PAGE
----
If I wanted to create a truly standalone Windows EXE application easily, I would use Delphi. Good thing I don't want to do that. .NET is too useful, and (at least version 2.0) is pretty much everywhere already - it's rare that I encounter a client machine without .NET already installed, and even if it isn't there the installer is only 23 MB.

Back in my Visual Basic days, I used to fret about the added burden of having to deploy the VB runtimes along with my application proper. It never ended up being a significant problem.

share|improve this answer
    
Scott Hanselman has iunformation to help you find even smaller installations (if applicable)... hanselman.com/blog/… and hanselman.com/smallestdotnet –  Doug L. Nov 7 '08 at 10:44
    
I think the "smaller" installs are just little stub-type things that still have to download a mess of stuff. I wouldn't bother with any of it - I've never had a client barf over a 23 MB file. –  MusiGenesis Nov 7 '08 at 13:59

I had the same problem. This is how I solved: Go to the "Build" tab. Click on "Configuration Manager". On the screen that pops up, click the "debug" drop down menu, and select "release". Click "Close" at the bottom. Re-click the build tab, and then click "rebuild solution". After it finishes, save all and exit. Go back to the main folder for your program, click "[name of folder] then the "release" folder that was created. Inside will be two files: an .exe and a "program debug database" file with the name of your original program on it. These two files together will work on any computer that does not have a .NET library installed etc. It is as close as I could get to a standalone .exe. Hope that helps.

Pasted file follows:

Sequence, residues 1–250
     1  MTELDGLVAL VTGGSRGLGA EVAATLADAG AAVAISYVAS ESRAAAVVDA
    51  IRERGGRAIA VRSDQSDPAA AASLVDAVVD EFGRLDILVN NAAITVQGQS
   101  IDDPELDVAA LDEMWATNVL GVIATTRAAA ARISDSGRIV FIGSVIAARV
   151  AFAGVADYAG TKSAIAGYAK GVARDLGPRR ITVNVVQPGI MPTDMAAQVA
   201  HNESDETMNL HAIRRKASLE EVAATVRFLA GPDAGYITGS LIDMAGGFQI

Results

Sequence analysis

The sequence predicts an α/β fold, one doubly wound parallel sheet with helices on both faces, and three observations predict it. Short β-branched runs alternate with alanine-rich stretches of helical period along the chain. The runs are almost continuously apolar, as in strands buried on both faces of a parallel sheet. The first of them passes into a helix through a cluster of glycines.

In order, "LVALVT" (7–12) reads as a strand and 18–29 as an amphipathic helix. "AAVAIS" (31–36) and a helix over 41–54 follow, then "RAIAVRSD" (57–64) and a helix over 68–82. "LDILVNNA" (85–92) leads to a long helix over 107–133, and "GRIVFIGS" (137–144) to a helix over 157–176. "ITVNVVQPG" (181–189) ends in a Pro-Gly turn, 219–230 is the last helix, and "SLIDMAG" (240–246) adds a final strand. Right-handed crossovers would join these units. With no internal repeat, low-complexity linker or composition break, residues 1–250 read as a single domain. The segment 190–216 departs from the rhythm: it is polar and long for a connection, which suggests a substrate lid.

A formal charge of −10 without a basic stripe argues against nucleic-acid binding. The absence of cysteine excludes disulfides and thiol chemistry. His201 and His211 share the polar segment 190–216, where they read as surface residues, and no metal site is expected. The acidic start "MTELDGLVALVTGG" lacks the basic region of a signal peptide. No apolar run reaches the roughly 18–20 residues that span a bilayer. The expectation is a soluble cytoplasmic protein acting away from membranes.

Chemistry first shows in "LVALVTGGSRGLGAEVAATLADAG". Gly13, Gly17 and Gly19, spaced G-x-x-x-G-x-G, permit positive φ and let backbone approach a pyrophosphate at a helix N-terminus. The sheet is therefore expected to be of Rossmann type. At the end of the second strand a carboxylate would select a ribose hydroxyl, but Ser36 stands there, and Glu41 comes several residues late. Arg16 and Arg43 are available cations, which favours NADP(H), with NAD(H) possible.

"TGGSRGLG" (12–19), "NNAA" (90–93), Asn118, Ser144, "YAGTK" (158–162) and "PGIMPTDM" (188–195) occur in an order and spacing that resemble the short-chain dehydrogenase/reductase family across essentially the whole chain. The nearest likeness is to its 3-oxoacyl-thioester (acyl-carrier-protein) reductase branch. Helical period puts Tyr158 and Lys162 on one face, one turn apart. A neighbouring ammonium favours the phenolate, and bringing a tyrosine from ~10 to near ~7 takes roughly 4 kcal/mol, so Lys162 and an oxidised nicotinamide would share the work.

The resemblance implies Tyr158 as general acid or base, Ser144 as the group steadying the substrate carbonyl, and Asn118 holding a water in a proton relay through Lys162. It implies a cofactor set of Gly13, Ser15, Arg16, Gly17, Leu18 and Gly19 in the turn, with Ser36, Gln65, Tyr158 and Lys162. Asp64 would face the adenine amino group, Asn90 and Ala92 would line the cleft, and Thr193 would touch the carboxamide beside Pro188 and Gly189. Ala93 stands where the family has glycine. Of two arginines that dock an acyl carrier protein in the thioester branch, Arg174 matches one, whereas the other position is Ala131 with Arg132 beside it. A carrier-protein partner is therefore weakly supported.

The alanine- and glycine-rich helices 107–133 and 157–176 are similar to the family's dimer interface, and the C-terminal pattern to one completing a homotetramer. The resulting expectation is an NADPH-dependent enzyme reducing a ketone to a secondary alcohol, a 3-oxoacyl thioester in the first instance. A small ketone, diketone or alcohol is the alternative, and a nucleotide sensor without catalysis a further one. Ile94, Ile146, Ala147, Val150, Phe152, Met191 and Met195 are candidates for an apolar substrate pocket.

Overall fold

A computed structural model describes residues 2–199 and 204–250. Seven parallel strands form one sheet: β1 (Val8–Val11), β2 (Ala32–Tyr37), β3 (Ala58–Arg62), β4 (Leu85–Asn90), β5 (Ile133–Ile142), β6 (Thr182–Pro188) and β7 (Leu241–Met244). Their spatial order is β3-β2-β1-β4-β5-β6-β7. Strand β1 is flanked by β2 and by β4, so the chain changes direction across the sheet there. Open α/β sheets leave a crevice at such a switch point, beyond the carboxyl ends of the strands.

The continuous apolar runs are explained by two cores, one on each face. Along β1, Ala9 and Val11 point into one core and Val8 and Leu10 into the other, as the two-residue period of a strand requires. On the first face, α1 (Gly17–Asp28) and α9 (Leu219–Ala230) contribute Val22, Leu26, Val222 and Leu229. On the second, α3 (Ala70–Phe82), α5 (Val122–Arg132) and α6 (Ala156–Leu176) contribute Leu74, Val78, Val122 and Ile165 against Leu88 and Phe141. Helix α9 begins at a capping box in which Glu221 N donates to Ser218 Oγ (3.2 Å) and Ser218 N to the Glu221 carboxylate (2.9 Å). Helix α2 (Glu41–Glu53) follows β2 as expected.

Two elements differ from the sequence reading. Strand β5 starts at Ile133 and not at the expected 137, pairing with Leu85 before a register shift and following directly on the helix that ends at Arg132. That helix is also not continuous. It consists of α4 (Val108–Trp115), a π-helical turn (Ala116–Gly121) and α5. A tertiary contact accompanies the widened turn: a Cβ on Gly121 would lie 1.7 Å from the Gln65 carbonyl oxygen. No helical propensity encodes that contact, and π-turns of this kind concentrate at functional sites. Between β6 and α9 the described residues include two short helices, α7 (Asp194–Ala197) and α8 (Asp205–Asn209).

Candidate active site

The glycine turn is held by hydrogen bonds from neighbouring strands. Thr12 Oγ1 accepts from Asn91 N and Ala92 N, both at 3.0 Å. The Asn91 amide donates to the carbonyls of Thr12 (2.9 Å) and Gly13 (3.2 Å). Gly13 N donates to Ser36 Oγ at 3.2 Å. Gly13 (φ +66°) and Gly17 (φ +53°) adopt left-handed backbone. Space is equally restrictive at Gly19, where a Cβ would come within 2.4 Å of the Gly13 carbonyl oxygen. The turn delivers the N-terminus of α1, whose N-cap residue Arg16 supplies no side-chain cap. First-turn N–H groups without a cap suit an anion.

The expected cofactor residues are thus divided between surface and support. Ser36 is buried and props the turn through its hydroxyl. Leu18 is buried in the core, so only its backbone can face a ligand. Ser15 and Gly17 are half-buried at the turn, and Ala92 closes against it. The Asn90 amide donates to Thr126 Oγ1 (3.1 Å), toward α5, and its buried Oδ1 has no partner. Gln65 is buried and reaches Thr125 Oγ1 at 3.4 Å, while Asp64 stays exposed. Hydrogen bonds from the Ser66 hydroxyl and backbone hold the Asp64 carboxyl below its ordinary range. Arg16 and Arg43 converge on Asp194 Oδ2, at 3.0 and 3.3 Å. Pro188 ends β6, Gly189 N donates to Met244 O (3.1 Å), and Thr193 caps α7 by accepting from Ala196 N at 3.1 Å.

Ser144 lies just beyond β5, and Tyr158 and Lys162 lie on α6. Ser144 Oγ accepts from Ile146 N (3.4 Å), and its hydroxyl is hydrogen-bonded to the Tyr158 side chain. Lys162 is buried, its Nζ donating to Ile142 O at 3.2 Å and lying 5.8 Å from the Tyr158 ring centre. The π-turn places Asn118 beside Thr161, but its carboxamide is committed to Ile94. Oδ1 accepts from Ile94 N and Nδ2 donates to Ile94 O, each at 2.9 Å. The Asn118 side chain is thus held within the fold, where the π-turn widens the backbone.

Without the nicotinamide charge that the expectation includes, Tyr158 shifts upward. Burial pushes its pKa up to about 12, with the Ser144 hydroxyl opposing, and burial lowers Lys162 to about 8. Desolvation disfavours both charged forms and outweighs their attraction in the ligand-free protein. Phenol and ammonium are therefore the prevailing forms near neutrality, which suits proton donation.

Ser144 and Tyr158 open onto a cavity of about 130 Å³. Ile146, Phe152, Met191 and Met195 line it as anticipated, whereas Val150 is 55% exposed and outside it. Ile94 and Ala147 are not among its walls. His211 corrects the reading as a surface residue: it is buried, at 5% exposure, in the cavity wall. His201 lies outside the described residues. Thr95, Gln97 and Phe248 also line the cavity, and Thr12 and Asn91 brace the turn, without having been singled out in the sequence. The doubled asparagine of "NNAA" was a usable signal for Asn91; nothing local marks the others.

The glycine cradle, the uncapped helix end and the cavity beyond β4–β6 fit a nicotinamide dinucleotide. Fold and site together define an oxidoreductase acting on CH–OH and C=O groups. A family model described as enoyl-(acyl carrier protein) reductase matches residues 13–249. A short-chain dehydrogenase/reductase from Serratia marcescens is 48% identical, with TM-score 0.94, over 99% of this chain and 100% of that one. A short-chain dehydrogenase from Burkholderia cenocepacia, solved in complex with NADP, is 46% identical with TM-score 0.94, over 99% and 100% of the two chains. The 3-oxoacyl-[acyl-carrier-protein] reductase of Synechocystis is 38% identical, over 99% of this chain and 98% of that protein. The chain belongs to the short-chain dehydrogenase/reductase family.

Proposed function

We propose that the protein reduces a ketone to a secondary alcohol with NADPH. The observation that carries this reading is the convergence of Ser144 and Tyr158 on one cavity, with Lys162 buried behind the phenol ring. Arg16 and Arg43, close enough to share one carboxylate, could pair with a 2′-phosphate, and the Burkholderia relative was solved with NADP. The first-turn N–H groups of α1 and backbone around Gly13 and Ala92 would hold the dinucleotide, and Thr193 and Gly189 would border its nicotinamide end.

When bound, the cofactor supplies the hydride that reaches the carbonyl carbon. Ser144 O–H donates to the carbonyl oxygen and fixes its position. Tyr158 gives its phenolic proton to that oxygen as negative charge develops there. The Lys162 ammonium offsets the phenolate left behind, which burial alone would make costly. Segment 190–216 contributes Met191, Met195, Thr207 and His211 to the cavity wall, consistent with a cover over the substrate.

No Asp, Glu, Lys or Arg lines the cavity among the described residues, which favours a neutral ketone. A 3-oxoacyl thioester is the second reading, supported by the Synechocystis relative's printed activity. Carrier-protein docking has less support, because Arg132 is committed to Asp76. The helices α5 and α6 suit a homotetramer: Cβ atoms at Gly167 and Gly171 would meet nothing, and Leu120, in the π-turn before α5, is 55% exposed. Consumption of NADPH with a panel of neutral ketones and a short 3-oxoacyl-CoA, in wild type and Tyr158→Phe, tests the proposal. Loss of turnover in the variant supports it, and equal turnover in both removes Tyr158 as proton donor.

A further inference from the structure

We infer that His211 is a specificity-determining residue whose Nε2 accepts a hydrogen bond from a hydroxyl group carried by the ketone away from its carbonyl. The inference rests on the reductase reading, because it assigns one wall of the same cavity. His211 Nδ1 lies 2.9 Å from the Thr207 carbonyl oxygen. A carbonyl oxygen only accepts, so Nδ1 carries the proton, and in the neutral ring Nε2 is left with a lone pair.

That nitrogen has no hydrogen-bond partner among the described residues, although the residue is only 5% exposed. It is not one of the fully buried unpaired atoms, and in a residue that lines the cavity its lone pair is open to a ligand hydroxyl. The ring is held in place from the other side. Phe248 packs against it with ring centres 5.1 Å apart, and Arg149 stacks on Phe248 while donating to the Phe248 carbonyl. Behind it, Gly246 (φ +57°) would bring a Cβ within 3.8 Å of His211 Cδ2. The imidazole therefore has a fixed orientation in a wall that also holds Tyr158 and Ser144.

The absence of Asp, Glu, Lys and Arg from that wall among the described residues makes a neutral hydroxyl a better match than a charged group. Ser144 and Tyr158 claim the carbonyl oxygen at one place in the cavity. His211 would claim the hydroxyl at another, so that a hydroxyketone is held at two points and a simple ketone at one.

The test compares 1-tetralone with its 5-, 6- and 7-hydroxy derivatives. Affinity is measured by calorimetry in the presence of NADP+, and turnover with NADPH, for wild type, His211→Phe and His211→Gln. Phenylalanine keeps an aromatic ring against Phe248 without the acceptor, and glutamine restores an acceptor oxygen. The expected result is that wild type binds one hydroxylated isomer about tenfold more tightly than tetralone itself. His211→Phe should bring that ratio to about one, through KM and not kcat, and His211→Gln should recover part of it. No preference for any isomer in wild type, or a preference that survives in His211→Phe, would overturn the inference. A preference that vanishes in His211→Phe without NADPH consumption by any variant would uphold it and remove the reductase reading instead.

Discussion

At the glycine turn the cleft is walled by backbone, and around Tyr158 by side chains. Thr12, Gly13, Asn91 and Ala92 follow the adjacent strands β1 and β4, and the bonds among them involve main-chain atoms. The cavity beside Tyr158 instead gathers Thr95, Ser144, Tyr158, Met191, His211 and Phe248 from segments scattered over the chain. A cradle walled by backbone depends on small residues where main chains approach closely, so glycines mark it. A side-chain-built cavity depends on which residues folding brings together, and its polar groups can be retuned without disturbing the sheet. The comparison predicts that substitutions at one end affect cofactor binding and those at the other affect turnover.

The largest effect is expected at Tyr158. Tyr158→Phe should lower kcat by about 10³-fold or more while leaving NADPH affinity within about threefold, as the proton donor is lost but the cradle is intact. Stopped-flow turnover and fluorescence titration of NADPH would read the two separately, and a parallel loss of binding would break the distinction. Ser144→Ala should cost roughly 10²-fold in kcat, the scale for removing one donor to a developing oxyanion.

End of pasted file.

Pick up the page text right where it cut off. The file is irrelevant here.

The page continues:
share|improve this answer

VB 6 is not based on the .NET framework. VB**.NET** is.

share|improve this answer

So what about VB within Visual Studio 2008 Standard? Was the VB engine rewritten for the .NET platform?

share|improve this answer